Art Suriano

Finally, an article with a poll that supports what I’ve been saying all along. Grocers are making a huge mistake investing heavily in a service that the majority of customers are not asking for and this can be dangerous. There is a significant risk of losing sales while focusing on the fastest home delivery possible and ignoring in-store needs as well as by keeping customers out of the stores, losing out on impulse buying opportunities. It will be many years, if ever, before the majority of customers prefer to be doing the bulk of their grocery shopping online. We’re talking food which is very important and that’s no doubt why the majority of customers want to see it before purchasing it. Too often the executive leaders go with their own assumptions, and when their beliefs do not align with what the customers want the retailer will lose, and they will lose big!

Grocers — listen to your customers and make sure you hear them.

Ian Percy


Georganne Bender

I second that!

Zel Bianco
Let’s face it folks. Online shopping for groceries is a moving target. Will it continue to grow or will it stay flat and perhaps even decline? Even the experts can’t say for sure. I do see a day where online shopping for non-perishables will be the norm but not for perishables. While Walmart’s use of 3-D imaging on each piece of produce is certainly a development to watch, I think that people who care about what they eat will continue to be very picky about their produce, meats and fish. In many markets, like NYC, these items are too expensive not to. This is backed up by some of the percentages outlined in the Gallup poll. Those with lower incomes are not going to risk receiving perishables that are less than satisfactory. Heck, sometimes you end up with produce that looks less than perfect even when you selected it yourself because you were in a rush. Do you really expect store associates to do a better job at this than we would do? And if… Read more »
Richard J. George, Ph.D.

I still believe it is only a matter of time until online grocery shopping becomes a way of life for several segments of shoppers. As noted in the Gallup findings, families with children under 18 as well as households with incomes in excess of $75,000 already skew higher than the national average for online grocery shopping. My concern is that retailers who have been vacillating on this issue of whether and how much to spend on developing an online option, will take this as a sign to hold off or back off. The center of the store continues to be under assault in the traditional supermarket. This is a sweet spot for online grocery providers. Holding off or backing off from investing in online should be done with the knowledge of the clear risks associated with that.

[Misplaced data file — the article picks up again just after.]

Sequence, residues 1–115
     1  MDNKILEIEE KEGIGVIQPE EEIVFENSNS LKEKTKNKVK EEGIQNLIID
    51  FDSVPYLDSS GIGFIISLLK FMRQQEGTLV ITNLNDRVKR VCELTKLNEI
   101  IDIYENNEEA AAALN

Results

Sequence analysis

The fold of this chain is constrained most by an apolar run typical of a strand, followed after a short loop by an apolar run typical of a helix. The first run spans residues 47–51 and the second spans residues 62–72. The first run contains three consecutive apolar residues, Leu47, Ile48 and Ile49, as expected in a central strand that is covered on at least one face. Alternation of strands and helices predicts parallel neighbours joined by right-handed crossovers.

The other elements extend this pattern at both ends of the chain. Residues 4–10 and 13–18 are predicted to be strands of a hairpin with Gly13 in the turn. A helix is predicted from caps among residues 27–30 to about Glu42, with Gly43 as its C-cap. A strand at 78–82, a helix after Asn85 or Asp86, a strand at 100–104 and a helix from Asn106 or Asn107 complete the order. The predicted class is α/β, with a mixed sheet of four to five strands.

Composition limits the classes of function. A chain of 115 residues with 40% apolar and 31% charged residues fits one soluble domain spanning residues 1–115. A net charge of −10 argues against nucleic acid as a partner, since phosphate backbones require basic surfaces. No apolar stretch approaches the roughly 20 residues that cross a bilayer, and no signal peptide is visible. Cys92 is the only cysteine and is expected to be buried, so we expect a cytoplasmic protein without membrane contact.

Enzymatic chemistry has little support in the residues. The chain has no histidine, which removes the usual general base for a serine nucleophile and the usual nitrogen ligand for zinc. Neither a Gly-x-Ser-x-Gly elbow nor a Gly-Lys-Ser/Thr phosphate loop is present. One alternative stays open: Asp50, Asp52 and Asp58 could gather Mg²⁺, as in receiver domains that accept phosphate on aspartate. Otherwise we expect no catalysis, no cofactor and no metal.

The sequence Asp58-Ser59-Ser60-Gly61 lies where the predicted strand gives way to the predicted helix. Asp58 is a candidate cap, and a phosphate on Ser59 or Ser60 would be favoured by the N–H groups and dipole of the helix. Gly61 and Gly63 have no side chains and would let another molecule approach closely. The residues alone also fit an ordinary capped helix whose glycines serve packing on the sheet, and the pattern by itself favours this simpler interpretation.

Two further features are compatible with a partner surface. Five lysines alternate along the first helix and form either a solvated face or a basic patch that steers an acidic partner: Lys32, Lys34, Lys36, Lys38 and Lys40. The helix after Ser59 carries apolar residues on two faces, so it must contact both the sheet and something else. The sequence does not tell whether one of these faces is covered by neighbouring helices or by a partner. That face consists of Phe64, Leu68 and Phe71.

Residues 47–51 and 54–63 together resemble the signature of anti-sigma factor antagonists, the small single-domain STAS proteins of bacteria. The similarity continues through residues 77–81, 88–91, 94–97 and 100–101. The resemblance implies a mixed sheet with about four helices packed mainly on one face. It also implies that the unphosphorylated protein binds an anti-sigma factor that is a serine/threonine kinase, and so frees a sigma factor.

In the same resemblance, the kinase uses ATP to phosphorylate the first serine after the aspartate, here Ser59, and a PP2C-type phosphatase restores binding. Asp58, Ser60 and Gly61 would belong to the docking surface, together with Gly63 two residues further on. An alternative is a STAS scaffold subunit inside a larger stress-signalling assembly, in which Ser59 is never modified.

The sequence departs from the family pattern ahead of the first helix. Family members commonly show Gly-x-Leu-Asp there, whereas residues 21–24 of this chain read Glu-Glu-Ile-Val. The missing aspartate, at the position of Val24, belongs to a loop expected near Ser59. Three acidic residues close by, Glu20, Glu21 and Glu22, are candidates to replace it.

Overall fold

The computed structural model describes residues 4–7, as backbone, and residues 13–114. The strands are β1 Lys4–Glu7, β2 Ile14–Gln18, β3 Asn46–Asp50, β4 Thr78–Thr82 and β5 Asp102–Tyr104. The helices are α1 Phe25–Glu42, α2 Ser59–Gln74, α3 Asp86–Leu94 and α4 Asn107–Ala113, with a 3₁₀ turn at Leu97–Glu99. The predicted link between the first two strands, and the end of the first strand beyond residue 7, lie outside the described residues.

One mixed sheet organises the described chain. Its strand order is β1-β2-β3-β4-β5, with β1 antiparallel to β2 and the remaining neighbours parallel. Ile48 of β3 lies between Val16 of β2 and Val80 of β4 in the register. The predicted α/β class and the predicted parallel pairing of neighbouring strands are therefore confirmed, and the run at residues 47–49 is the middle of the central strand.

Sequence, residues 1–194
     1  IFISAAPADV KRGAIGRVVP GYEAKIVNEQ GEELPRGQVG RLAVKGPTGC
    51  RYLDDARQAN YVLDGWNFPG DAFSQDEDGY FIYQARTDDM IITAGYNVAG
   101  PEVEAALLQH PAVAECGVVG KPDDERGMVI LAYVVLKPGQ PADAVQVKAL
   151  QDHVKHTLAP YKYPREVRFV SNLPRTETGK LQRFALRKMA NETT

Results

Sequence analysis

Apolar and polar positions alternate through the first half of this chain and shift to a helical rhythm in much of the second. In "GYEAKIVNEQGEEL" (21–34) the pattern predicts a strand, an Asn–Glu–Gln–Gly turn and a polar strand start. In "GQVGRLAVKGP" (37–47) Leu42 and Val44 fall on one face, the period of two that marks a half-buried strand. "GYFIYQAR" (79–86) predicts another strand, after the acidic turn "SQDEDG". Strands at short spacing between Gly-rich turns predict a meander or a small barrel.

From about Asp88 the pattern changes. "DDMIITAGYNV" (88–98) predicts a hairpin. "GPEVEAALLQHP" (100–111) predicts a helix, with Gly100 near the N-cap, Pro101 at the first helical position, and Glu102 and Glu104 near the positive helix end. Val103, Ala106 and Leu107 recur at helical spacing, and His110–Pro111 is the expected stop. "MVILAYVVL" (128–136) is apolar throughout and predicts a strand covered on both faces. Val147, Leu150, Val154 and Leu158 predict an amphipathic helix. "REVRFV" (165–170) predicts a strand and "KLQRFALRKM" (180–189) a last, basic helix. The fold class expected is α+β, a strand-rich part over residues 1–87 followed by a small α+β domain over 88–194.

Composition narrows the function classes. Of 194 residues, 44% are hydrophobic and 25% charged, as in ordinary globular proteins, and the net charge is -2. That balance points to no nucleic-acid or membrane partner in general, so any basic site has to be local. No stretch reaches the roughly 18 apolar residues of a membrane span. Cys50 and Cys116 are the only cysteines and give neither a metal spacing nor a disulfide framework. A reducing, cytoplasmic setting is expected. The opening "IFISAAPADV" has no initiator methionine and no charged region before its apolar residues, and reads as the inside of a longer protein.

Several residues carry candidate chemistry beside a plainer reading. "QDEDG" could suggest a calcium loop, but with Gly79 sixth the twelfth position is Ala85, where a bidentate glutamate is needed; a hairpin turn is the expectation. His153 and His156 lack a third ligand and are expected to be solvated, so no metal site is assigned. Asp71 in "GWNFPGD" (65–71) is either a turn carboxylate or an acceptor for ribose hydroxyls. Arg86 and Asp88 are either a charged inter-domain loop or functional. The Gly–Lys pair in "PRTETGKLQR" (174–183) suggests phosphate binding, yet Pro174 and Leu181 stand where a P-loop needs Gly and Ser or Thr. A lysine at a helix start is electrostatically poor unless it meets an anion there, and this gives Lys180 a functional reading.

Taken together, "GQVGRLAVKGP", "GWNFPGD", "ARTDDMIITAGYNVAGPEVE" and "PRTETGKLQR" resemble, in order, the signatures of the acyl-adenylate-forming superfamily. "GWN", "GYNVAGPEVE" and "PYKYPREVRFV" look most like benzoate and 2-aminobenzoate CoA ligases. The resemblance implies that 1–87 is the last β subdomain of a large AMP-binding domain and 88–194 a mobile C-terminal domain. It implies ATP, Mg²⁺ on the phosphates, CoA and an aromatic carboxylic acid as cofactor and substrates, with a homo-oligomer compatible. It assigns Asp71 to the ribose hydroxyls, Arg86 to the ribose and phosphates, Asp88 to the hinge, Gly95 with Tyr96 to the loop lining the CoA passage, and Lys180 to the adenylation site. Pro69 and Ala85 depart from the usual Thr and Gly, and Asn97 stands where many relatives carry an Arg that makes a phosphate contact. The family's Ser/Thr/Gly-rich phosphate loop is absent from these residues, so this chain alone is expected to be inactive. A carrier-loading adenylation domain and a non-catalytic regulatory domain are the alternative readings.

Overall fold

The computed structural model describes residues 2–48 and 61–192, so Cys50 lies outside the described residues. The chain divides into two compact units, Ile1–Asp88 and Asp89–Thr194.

David Weinand

There will likely be a bifurcation between staples and fresh. There is no reason why penetration can’t reach healthy levels for dry goods, paper goods, etc. A box of Triscuits is not going to get any better if a shopper picks it up online vs. in the store. Personally, I wouldn’t rely on anyone picking my fruits or vegetables or steak so I anticipate that part of the business to remain primarily in the physical space. That doesn’t mean the online value proposition is any weaker. Shoppers can still save a ton of time by ordering their staples online and doing quick trips for fresh.

Carl Van Ostrand

Agree, segmentation by category tells a more interesting story. There is greater adoption of categories like pet care and household goods/personal care. Vitamins, supplements, snacks, etc. We can see this with passive behavioral data. Produce/frozen will likely have the toughest uphill battle for obvious reasons, but what happens when 20% of consumers are buying the majority of their groceries online and then making a quick stop at the local deli for some ground beef and apples? Will that be noteworthy? There is a lot more depth to this conversation when we start looking at demographic (geography is a big one) and category segmentation. I personally lean towards their being a lot more upside in grocery pickup and delivery.

Andrew Blatherwick